Data collection revisited
by Lauren Harkawik
Dec 01, 2017 | 1753 views | 0 0 comments | 71 71 recommendations | email to a friend | print
Economic dashboard gets second chance

DOVER - At the Dover Selectboard’s November 21 meeting, economic development director Steve Neratko said that, per a discussion at a recent bi-town economic development meeting, there will be another push to reenergize a faltering data collection initiative led by the Southern Vermont Deerfield Valley Chamber of Commerce.

The economic dashboard, as it’s called, is custom software that was commissioned by the chamber as part of a bi-town marketing effort shared by Wilmington and Dover. The software was meant to be a metric by which the impact of a digital marketing push would be measured. The intention was to have local inn owners, restaurateurs, and shop owners input data about their sales on a weekly basis.

At recent selectboard meetings in Wilmington and Dover, representatives from the bi-town committee said the initiative had been unsuccessful due to a lack of participation from local business owners. At the Dover Selectboard’s November 7 meeting, inn owner Jim Desrochers said he felt the business community was being unfairly characterized, saying that he didn’t think the chamber had put enough effort into garnering participation.

At the time, Desrochers said, “I can bring in 15 people who said they were told about it but there was no follow-up,” said Desrochers. “It was a dropped ball by everybody. It’s a brilliant idea. But the way you went about it was really lax, and the amount of money spent is really significant.”

At the same meeting, chamber executive director Sharon Cunningham said the initiative had been tabled, but when vice chair Vicki Capitani said she was disappointed the plug had been pulled, Cunningham said it hadn’t been. The discussion about the issue concluded without a definitive plan for moving forward, with Desrochers urging the chamber to reenergize the effort.

At the Dover Selectboard’s November 21 meeting, Capitani said she had concerns about funds continuing to go to the bi-town effort, given the failure of the software. In response, Neratko said that at a recent bi-town meeting, the group had decided to give a push toward garnering participation another go.

“I am going to do the marketing,” said Neratko. “We are going to have an event, and have everyone who is interested come to the event and we’ll show them how to use it. Then if there are others who can’t make it, we will meet them separately. We will try to go out one more time and market it, see if we can get people interested, and if they are, we will continue with it. If they aren’t, we will revisit (the issue).”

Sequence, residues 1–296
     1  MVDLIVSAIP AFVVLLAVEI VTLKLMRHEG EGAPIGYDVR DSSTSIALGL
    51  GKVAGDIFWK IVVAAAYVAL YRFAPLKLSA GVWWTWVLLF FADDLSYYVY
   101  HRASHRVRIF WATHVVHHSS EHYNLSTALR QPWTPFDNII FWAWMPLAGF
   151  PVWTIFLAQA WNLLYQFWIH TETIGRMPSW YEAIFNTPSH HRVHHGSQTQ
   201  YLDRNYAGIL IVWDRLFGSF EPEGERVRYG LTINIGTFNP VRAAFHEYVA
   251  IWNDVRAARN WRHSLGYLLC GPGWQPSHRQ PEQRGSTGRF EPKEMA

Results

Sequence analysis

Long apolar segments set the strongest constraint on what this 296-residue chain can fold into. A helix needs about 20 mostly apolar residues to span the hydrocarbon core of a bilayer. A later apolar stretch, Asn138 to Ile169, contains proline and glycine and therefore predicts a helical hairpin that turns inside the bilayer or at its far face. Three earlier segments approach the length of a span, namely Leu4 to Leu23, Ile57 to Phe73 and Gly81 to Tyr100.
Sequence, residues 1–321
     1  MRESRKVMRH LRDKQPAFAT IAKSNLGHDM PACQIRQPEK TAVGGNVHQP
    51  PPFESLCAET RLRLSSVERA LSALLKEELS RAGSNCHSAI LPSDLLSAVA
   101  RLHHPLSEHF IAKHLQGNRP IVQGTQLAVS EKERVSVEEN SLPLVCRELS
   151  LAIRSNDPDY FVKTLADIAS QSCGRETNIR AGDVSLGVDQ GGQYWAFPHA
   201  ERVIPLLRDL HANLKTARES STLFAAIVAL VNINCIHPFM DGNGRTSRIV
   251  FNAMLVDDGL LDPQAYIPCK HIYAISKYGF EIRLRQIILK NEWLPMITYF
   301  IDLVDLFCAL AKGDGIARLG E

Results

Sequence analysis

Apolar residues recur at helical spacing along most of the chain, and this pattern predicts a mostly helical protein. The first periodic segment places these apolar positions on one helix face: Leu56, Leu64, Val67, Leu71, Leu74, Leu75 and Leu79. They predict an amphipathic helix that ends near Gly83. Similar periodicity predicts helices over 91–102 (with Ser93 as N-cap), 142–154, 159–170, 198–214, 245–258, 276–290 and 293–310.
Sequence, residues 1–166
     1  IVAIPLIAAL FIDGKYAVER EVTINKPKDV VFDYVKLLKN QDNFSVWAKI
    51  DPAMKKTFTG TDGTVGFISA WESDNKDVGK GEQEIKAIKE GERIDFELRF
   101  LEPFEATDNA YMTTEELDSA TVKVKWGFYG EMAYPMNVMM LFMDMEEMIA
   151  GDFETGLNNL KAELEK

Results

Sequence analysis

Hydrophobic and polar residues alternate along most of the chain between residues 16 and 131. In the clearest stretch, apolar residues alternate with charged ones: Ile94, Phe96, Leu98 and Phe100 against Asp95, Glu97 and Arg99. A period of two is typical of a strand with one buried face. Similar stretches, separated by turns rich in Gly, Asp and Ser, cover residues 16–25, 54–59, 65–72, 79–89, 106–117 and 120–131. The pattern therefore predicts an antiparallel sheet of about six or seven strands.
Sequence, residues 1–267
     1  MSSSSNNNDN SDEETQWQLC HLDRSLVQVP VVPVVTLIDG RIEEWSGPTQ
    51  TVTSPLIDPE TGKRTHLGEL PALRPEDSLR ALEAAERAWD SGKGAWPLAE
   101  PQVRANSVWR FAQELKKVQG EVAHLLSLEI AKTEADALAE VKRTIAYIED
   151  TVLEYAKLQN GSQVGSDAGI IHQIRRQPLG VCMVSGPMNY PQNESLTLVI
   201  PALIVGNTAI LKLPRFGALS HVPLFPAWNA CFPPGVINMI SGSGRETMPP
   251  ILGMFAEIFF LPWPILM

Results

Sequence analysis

Desrochers said he doubted that people would attend a meeting, and suggested that appointments should be made with each business owner. “You don’t cold call a doctor,” said Desrochers. “You make an appointment.”

Board member Joe Mahon said that when the bi-town effort was initiated, the dashboard was sold as a major component of its success. “They sold us on the whole package, and that package is now not the same package, and we’re not going to get what we need to move forward,” said Mahon. “We need a timeline for when there are going to be results.”

Capitani agreed, and said that given the confusion around how the effort had been tabled, she wanted more frequent progress updates from the chamber and had concerns about paying a $16,500 invoice to the chamber.

“The $16,500 is funds that have already been expended,” said Neratko. “As part of the funds that were applied to this project, there was $40,000 for this year. They’ve spent $16,500 because they had to get things rolling. They’ve spent that, so that’s what they asked for to be reimbursed. The rest they would ask for at a future date if needed.”

Capitani noted that the invoice was not detailed and asked Neratko if he had seen detailed information about the expenditures. He said he had.

“Going forward we do want to see results and know where things are going before more money leaves this town for the bi-town marketing,” said Capitani. “I would like to see them check in more regularly and we’d like real information and real updates at least quarterly. It seems like a lot of money and it’s not really what we signed on for.”

Neratko said he would pass along the request and would get detailed information about future expenditures for the bi-town effort.
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